Johnson City metro leads Tri-Cities Nov. sales tax collections

November sales tax collections were up again in November, and the Johnson City metro area led the Tri-Cities’ growth for the third time this year.

sales taxAccording to the Tennessee Advisory Commission on Intergovernmental Relations and MTSU’s Department of Economics and Finance November report, Knoxville led East Tennessee’s year-to-year growth in November while Kingsport-Bristol’s growth was at the bottom of the list. That’s the smallest gain the four-county metro area has recorded during its roller-coaster performance so far this year. Growth has been in the double digits five times, and it has led the state several times.

Johnson City’s performance hasn’t seen the peaks its neighbor to the north has seen. Instead, it has recorded consistent, less volatile performance every month except March when both MSAs dipped into negative territory.

sales tax shareJohnson City also closed its share of total Tri-Cities collections last month with an almost equal split with its larger neighbor to the north.

Here’s how those seasonally adjusted collections look ranked by year-to-year growth.

Knoxville – up 11%.

Morristown – up 9.1%.

Johnson City – up 5.2%.

Chattanooga – up 4.8%.

Kingsport-Bristol– up 3.7%.


Kingsport-Bristol all households – family incomes weather recession better than Johnson City MSA

k-B income

These charts were developed from total income and benefits portions of the DP03 data sets (Selected Economic Characteristics) in the 1-year American Community Survey from 2008 and 2014 to gauge Great Recession driven changes in the Tri-Cities.

The 2008-2014 change charting shows that the four-county Kingsport-Bristol has weathered the recession better than the three-county Johnson City MSA in the total household and JC incomefamily income categories.


The next set of charts will the changes in per capita, nonfamily incomes and how workers – male and female – fared.





Tri-Cities private sector wage up in Nov, Johnson City drops to last place in state comparison

Private sector wages increased 1.5% in the Johnson City MSA in November. It’s the fourth straight month the average has increased this year, but it wasn’t enough to keep the three-county area from dropping into last place in a ranking of wages across the state.

Wages were also up in the Kingsport-Bristol MSA, but only by 0.2%. However, the weekly year-to-year average has increased every month this year in that four-county area.

November’s average private sector wage was in the Johnson City MSA was $599. It was $590 November last year and $599 in November 2013.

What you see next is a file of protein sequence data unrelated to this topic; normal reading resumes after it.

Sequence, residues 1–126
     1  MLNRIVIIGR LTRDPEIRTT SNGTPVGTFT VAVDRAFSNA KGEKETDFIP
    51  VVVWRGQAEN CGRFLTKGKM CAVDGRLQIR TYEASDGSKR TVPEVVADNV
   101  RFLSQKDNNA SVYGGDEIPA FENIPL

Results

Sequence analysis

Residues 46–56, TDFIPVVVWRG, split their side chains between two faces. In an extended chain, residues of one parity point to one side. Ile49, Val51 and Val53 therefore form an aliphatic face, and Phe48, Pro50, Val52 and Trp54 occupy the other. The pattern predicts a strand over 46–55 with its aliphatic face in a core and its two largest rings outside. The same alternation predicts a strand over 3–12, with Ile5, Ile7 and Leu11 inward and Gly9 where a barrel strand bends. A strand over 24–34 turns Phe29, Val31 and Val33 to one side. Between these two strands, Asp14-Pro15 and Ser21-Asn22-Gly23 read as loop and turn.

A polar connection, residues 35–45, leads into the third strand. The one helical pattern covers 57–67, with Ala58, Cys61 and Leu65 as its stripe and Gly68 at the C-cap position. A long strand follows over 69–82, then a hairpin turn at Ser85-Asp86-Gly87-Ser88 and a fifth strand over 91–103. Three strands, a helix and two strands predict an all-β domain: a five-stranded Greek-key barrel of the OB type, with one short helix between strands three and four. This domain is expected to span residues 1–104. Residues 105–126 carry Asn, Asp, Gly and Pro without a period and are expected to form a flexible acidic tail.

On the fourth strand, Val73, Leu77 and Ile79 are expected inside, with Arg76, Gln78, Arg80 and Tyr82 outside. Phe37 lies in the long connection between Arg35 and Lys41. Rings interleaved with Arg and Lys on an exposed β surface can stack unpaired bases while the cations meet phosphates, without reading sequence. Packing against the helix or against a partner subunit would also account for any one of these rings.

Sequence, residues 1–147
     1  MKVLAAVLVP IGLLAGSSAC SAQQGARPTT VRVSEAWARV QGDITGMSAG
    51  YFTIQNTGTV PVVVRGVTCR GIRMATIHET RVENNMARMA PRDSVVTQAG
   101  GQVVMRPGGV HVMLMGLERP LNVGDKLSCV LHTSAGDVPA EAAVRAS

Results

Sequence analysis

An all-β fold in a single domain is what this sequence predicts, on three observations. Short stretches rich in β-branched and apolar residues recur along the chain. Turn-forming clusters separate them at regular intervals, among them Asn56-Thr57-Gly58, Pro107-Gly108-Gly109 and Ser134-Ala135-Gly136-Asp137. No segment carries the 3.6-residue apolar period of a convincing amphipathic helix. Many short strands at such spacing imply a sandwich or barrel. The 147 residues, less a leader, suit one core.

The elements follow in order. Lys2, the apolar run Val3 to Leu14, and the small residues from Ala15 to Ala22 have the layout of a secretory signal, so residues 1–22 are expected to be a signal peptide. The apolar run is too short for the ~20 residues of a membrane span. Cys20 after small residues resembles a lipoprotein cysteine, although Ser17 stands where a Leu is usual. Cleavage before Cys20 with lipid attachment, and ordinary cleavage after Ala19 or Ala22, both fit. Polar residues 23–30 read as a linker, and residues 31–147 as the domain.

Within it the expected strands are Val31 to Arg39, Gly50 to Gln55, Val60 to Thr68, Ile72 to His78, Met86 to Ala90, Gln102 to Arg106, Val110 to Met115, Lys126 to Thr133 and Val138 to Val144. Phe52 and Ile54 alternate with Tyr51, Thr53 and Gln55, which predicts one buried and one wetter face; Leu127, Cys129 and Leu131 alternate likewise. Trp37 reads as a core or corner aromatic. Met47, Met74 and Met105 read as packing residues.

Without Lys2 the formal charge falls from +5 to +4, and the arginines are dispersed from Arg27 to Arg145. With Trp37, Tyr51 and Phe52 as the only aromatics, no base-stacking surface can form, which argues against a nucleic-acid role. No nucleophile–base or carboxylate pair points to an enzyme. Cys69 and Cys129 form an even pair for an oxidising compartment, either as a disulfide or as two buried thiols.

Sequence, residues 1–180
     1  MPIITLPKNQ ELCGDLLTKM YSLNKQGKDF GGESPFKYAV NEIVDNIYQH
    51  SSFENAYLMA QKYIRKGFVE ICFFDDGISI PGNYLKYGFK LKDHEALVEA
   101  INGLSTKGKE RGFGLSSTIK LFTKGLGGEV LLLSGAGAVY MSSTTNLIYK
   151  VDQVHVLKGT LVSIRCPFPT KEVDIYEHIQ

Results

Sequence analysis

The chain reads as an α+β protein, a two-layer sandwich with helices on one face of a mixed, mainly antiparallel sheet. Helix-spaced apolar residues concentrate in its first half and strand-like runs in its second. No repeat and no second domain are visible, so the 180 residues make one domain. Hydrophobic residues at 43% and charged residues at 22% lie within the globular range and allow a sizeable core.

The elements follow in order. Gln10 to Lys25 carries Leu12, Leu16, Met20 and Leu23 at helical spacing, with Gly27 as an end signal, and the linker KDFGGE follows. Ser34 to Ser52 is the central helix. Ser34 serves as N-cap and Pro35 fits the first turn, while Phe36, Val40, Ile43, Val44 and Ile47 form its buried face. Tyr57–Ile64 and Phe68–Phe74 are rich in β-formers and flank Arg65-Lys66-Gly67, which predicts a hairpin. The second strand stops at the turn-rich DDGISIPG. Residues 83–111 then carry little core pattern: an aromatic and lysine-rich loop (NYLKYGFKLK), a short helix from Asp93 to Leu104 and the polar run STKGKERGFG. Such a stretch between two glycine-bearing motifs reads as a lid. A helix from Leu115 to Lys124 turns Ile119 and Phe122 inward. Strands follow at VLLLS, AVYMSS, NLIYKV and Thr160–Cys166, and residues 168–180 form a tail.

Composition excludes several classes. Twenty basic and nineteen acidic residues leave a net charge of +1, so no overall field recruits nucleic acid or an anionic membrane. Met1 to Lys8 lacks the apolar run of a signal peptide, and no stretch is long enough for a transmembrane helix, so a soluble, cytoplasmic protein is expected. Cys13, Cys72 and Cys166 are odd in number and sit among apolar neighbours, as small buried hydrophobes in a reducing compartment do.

The average in Kingsport-Bristol was $637, a dollar higher than the same month last year.


When last month’s weekly wage in the Johnson City MSA is adjusted for inflation from a November 2008 pre-recession benchmark it had $47 a week less buying power.

Buying power for Kingsport-Bristol private sector workers increased by $16 a week when the same inflation adjustment is made.


In a trend that hasn’t received much attention, Kingsport-Bristol has become the MSA with the highest average private sector wage in the Tri-Cities.

When compared against the averages for 2008 – the year before the Great Recession hit here – Johnson City’s average wage was higher that it was in Kingsport-Bristol in 11 out of 12 months.  It was a pattern that was in place for several years that was reversed by the recession and the recovery in the Johnson City MSA.

Government jobs have an 8% higher share of all jobs in the Johnson City MSA than they do in Kingsport-Bristol.



The average hours worked increased in Johnson City last month while they declined in Kingsport-Bristol

November’s average in Kingsport-Bristol was 36.4 hours, down from 36.9 November last year and from 36.7 in October.

In Johnson City it was 34.5 hours compared to 34.6 the same month last year and 34 hours a week in October.

When compared to a pre-recession benchmark Kingsport-Bristol private sector workers worked an average of a half an hour a week less last month while their counterparts in the Johnson City MSA were working 0.2 fewer hours a week.


The annual median salary for a full-time man in the Kingsport Bristol MSA in 2014 was $41,874. The median wage for a woman working full-time there was $31,453. The median for all workers was $26,142.  October’s average annualized private sector was is $33,488.

In the Johnson City MSA the median 2014 wage for a man working full-time was $36,916. For a woman working full-time it was $30,594. The median for all of that MSA’s workers was $24,705. October’s annualized average private sector wage is $31,564.


Johnson City MSA slipped into last place in a comparison of the average weekly wages in Tennessee MSA’s in November.

Johnson City and Jackson are usually the last two MSAs in the ranking.